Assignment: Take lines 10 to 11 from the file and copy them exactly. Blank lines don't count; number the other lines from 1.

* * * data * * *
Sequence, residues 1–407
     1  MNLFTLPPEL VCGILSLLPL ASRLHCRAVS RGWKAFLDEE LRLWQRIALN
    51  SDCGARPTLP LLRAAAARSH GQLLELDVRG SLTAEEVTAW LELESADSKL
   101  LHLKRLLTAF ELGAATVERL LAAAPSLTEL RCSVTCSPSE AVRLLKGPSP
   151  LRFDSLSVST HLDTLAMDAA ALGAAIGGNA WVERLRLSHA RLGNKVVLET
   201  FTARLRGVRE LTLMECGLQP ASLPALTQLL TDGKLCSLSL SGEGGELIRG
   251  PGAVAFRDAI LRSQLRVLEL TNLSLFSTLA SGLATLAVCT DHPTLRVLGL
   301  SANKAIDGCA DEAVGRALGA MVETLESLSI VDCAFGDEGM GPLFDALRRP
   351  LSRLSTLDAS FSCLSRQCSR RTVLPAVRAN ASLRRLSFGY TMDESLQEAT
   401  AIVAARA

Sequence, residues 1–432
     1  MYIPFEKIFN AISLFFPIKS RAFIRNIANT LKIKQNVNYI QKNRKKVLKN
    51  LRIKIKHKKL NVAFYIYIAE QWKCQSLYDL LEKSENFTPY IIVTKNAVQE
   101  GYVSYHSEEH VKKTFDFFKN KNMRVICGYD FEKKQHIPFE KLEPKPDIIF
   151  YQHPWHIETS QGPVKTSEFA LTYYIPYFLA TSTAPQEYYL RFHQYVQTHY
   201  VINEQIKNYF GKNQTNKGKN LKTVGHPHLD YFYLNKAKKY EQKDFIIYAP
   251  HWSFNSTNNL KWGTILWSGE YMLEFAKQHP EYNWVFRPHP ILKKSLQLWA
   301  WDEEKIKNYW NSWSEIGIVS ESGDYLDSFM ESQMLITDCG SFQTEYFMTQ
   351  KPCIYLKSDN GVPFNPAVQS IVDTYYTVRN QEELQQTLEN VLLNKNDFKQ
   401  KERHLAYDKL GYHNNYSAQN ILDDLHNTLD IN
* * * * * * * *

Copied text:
   401  AIVAARA

Sequence, residues 1–432